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"I have some concern about how the diagnosis of “autism” is continually broadened and diluted to where some children are given that diagnosis prematurely and in error. In my work with children with savant syndrome, I noticed that some children who read early – hyperlexia – were being called “autistic” when, as time went on, their autistic-like symptoms disappeared and they turned out to be very normal, very bright children." -Darold Treffert from his article "Hyperlexia: Children Who Read Early"

"The real issue with the mis-diagnosis of autism in some children who read early or speak late is that certain education and treatment decisions are made inappropriately. Beyond that the families of these children are worried and discouraged needlessly for a long period of time until the “autism” (which was never Autistic Disorder) fades." -Darold Treffert #hyperlexia3awareness #hyperlexiaIIIawareness

The rule of thumb for many parents of children with hyperlexia is:


(If it isn’t written, it may not exist)

"This third group of children who read early present with a startling precocious ability to read, well beyond that expected at the child’s chronological age. The hyperlexia is coupled with an intense fascination with letters or numbers. Yet in spite of the intense preoccupation and ability with words, there are, correspondingly, significant problems in understanding verbal language. Comprehension of that which is masterfully read is often poor, and thinking is concrete and literal. There is difficulty with, and paucity of, abstract thinking. There may be some behaviors and symptoms commonly associated with autism spectrum disorders as well including echolalia (repeating rather than initiating conversation), pronoun reversals, intense need to keep routines (obsession with sameness), auditory or other sensory hypersensitivity, specific intense fears, strong auditory & visual memory, and selective listening with the appearance of suspected deafness. In this group of children these latter “autistic” traits and behaviors are only “autistic-like” however, mirroring those seen in autistic disorder itself. However, in contrast to those in Autistic Disorder, these “autistic-like” symptoms fade over time as the child “outgrows” his or her “autism” as some parents have described that transition. I call this group Hyperlexia III."- Darold Treffert from his article "Hyperlexia: Reading Precociousness or Savant Skill?"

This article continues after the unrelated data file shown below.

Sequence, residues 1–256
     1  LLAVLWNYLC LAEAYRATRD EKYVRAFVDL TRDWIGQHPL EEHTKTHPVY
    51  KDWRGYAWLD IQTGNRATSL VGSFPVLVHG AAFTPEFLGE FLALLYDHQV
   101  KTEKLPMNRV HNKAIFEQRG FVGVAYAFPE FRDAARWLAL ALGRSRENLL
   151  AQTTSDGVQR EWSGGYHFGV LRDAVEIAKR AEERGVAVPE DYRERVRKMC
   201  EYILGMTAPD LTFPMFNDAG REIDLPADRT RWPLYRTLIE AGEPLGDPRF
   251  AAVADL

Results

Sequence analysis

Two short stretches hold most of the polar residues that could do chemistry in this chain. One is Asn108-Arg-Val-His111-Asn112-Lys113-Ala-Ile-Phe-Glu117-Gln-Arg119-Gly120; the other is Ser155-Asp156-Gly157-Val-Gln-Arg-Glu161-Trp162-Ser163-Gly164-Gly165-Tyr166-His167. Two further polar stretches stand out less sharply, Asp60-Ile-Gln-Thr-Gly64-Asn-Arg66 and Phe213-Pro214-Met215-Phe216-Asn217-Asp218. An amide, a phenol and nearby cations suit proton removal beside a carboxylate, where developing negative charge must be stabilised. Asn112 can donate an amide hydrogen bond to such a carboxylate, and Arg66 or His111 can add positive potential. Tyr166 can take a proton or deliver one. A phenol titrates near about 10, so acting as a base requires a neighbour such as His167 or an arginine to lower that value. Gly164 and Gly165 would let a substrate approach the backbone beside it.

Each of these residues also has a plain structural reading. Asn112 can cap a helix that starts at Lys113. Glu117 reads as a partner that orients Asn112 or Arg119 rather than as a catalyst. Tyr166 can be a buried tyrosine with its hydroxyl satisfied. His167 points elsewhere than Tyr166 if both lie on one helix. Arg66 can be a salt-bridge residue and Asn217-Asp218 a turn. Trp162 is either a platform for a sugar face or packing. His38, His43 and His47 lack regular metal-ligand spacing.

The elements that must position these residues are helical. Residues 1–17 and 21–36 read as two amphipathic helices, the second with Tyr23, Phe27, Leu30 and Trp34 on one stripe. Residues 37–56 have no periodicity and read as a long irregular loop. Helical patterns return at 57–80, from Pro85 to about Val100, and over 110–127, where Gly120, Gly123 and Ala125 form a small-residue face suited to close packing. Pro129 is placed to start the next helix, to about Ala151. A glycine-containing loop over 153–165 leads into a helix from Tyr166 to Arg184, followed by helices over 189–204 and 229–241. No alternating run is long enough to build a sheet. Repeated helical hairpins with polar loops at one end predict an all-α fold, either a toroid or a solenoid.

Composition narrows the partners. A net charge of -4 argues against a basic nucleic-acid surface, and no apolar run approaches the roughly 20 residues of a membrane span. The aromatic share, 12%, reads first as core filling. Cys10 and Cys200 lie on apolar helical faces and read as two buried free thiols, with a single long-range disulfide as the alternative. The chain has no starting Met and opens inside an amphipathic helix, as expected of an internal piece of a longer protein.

Outgrowing Autism? A Closer Look at Children Who Read Early or Speak Late

Some of these children may never have had autism in the first place, despite being diagnosed with it

By Darold A. Treffert on December 9, 2015

All the following links on this page are articles written by Dr. Treffert

"I noted that while each of these children had been given a diagnosis of autism spectrum disorder along the way, the course of that condition, and more importantly outcome, was very different and much more positive than more typical autistic spectrum disorder, Asperger's or PDD/NOS or whatever diagnosis had been assigned. Essentially these children did 'outgrow' those more ominous diagnoses and were now generally very bright and successful neurotypical children, adolescents or adults. What had occurred is that in the evaluation process there was the failure to sort out "autistic like" symptoms from Autistic Spectrum Disorder" -Darold Treffert from his article "Oops! When "Autism" Isn t Autistic Disorder: Hyperlexia and Einstein Syndrome"

"Caution needs to be used before applying that diagnosis to children with hyperlexia as a presenting symptom. The need for that caution stems from the pervasive, mistaken notion that hyperlexia in a very young child is always linked to autism. When a diagnosis or label of autism is prematurely and erroneously applied to a child who may be more appropriately identified as having hyperlexia III,

it produces much unwarranted stress, burden, and worry for parents and leads to mistaken predictions regarding prognosis." -Darold Treffert from his article "Hyperlexia III: Separating ‘Autistic-like’ Behaviors from Autistic Disorder; Assessing Children who Read Early or Speak Late"

Hyperlexia: Children Who Read Early

by Darold Treffert MD on JANUARY 13, 2015 in BEHAVIORAL HEALTH, KNOW & GO TOPICS

Dr. Treffert One of the most valuable lessons I learned from a wise and seasoned professor in medical school was, “The first step in treatment is to make the correct diagnosis.”Nowhere in medicine at present is that sage advice more applicable than in making the diagnosis of “autism.” While Autistic Disorder certainly does exist (I met my first such patient in medical school in 1956) such a weighty diagnosis needs to be applied only very carefully.

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